copper -> steel conversion factors? Also copper to steel joints?

Discussion in 'Boilers' started by AlfJones, Nov 20, 2011.

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  1. Nov 20, 2011 #1

    AlfJones

    AlfJones

    AlfJones

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    Hello all.

    I am looking to build a boiler, but I want to build the thing in steel rather than copper. For our cousins in the US, europe and down in Oz, this will seem perfectly normal, but in the UK, raising the idea of a steel boiler in a group of model engineers gets a worse reaction that if you went into the car park and jumped up and down on their cars.

    I'm hoping to stay away from the anger and indignation in this post, and get some basic facts.

    Many of the designs I am looking at call for the use of 3mm copper for the main vessel. I also need to take into account a wastage factor of around 10%, so lets say it's 3.5mm. That would suggest a 3.5mm steel construction might be enough, if we assume that steel is as strong as copper, which is should be ( i think )

    In my head, the copper will be in an annealed state after heating, so will go soft, where as the worst the steel will do is get harder.

    However, a number of sources suggest that if building a boiler out of steel, significantly thicker sheet will be needed to get a like for like level of strength, with some suggesting up to 6mm sheet would be needed. This seems very thick to me, but I am absolutely prepared to accept that my world view is wrong on this, I just can't understand why.

    Can anyone help me with this? What sort of conversion factors should I use when converting a copper based boiler to a steel boiler? Do I really need to double the thickness for what is a significantly stronger material?


    Secondly, I will need to make some joins between copper and steel. My thoughts are that Silver Solder will be fine, but I wanted to check this to make sure - is there anything I need to be aware of? Special fluxes? Specific solders etc?

     
  2. Nov 20, 2011 #2

    steamer

    steamer

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    Hi Alfjones,

    Steels here in the states for use with boilers include A36 and SA106 tubing...among others.

    It's rather difficult to say for sure, but a low carbon steel suitable for pressure vessal fabrication and joining methods is prefered. Again....there's no "conversion chart" for this, and a boiler designed for one material would need a complete redesign and engineering study for the other material.

    Beware of simplifications......nothing is ever simple.

    Dave
     
  3. Nov 20, 2011 #3

    Jasonb

    Jasonb

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    Alf where did you get your 10% wastage from?

    The likes of John Haining use a factor* of 0.5 to 0.8 in their calcs so thats 20-50% and would account for why the same part of a similar boiler boiler in copper may be 1/8 but 5swg in steel or 3/32" copper will be 6swg in steel

    J

    * this is a factor for 1/4 or thinner plate, less would be needed on thicker plate as you will get the same amount of wastage whether it be 1/4" or 1" plate so 10% on 1/8" plate is 12thou allowance but 10% on 1" plate is 100thou. The rule of thumb seems to be allow for about 1/8" of wastage through the life of the boiler. hence 1/8" copper needs to be 1/4" steel.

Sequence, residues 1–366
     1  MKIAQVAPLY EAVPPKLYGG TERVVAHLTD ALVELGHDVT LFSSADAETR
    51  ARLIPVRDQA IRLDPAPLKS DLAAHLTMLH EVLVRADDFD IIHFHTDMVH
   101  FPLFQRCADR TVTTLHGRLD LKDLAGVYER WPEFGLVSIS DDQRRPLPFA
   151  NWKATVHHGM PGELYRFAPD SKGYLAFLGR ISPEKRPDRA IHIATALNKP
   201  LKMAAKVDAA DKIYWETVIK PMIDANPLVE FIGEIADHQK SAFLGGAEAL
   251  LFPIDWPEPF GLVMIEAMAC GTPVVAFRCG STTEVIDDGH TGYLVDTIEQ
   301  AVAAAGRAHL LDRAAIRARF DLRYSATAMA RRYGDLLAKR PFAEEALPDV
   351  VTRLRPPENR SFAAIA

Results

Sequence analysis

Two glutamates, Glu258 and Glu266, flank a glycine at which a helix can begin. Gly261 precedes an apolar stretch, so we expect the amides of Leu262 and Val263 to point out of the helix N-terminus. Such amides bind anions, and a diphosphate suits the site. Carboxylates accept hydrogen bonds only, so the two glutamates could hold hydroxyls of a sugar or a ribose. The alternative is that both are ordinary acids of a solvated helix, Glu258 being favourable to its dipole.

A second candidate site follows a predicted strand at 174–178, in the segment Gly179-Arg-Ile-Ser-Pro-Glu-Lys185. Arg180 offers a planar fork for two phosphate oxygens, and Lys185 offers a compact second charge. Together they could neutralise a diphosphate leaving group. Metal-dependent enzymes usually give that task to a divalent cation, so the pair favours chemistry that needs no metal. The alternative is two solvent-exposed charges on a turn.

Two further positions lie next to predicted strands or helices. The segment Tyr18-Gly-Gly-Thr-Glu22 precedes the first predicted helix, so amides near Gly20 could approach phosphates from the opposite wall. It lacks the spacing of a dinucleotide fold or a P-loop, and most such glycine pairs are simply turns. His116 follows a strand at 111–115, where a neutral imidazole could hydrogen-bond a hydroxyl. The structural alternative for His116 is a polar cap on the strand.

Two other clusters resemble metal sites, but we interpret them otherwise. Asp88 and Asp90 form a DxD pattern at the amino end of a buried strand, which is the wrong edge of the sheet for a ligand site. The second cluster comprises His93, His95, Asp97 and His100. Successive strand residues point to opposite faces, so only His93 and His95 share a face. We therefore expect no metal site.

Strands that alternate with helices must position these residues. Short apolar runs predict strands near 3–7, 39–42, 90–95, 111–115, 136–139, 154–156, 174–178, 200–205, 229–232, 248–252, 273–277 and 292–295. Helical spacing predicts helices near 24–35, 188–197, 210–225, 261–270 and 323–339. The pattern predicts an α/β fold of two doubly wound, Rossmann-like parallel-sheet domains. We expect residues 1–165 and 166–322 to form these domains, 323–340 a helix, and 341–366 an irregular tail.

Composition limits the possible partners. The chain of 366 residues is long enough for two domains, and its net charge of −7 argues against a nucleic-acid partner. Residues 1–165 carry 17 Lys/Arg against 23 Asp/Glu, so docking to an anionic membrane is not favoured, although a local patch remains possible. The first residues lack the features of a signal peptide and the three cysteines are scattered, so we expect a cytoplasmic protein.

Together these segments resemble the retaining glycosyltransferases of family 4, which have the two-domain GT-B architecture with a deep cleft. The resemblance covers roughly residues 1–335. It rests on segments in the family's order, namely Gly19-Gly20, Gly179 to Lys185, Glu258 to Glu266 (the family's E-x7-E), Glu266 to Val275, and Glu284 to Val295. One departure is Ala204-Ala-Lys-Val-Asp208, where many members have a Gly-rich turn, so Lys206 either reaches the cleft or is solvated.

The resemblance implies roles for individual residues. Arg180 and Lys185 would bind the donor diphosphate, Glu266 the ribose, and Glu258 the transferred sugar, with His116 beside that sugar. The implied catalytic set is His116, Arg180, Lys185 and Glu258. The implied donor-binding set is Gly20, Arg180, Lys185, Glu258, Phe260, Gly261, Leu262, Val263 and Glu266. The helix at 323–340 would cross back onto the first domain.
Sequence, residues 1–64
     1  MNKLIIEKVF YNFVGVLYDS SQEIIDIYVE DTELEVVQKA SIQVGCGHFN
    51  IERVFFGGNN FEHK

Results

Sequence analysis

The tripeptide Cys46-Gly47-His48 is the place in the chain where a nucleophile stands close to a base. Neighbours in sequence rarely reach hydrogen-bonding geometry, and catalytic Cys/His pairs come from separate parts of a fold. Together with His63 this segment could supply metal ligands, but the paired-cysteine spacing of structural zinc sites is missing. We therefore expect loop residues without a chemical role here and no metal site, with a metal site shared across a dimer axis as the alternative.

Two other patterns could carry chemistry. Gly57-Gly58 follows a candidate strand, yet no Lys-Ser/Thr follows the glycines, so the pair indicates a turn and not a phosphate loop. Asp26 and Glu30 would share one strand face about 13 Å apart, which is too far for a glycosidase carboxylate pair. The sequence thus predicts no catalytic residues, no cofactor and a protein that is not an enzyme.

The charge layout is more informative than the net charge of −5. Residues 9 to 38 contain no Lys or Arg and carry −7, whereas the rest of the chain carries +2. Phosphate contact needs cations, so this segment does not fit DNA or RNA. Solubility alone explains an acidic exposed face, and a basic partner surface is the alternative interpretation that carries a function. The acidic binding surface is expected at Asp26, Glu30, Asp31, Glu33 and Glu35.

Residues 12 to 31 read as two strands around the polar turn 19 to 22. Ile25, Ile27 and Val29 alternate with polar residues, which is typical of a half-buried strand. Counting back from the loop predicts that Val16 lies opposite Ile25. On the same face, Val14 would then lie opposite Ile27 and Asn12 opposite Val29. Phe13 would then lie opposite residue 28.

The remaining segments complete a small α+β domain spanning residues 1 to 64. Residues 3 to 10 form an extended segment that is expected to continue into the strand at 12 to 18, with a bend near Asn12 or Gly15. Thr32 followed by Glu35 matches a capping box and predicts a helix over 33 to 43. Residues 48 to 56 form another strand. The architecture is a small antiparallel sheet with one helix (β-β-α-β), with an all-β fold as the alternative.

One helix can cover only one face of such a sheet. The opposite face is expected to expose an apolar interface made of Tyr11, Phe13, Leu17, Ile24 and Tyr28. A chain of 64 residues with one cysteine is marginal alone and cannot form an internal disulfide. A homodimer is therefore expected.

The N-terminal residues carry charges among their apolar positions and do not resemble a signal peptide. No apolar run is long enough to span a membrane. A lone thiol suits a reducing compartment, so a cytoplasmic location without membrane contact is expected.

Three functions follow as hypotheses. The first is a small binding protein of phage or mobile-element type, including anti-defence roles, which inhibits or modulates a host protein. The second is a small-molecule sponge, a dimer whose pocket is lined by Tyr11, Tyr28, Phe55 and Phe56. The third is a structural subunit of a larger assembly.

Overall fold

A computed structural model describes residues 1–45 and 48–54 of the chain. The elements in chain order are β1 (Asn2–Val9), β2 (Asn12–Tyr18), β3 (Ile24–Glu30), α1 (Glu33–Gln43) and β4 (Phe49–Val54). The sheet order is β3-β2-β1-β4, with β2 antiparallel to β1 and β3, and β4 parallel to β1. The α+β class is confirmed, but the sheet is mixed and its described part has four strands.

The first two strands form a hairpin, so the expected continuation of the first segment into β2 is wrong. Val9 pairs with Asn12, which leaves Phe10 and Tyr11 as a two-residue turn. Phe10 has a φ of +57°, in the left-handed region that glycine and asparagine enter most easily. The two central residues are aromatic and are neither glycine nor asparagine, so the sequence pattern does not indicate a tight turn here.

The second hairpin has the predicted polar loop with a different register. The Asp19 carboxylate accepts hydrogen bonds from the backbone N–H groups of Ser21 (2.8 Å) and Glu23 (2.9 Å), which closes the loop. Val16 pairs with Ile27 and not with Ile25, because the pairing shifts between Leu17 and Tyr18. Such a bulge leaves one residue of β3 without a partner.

4. Nov 20, 2011 #4

    ShedBoy

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    http://www.pnc.com.au/~wallison/AALS/AMBSC/AMBSC.htm
    Here is th ruling we use in Australia. I have all 3 codes and they make excellent reading even if you are not biulding one. I prefer to build in steel also but there is more rules for steel here also.

    Brock
     
  5. Nov 20, 2011 #5

    Jasonb

    Jasonb

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    Do be aware that some of the things in the Australian codes are frowned upon here and visa versa. As An example only yesterday I met a guy from Aus who is building a similar traction engine to mine and we met up as he was over on Business. He had to use a different method of staying the top of the firebox as Girder stays are not allowed there but he was able to make the throatplate as a brazed fabrication where here it would be flanged. He also had to use screwed stays as soldered ones are not allowed if the length is more than 100 times the dia.

    Having said that the Aus code does give a lot of formulas so you can work out whats needed and should be used as a basis for your design before running it past whoever will be testing your boiler be it club or professional inspector.

    J
     
  6. Nov 21, 2011 #6

    GWRdriver

    GWRdriver

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    We need to back up a step or two before your questions can be answered responsibly. First what model are you proposing and more importantly what scale? The smaller the scale the less appropriate and inadvisable steel becomes. Also, in the USA, the only binding regulation is the ASME code for full size power boilers and this can't be met by all but the largest model boilers, but even so no responsible boiler builder would use less than 1/4" plate for a steel boiler and for 7+"ga locos 5/16" steel is common. You can see what limitations this might impose on a small scale boiler. In general, unless the copper components are renewable, flues specifically, IMHO it wouldn't be value-effective to permanently (silver solder) copper into steel due to the difference in expected life span.
     

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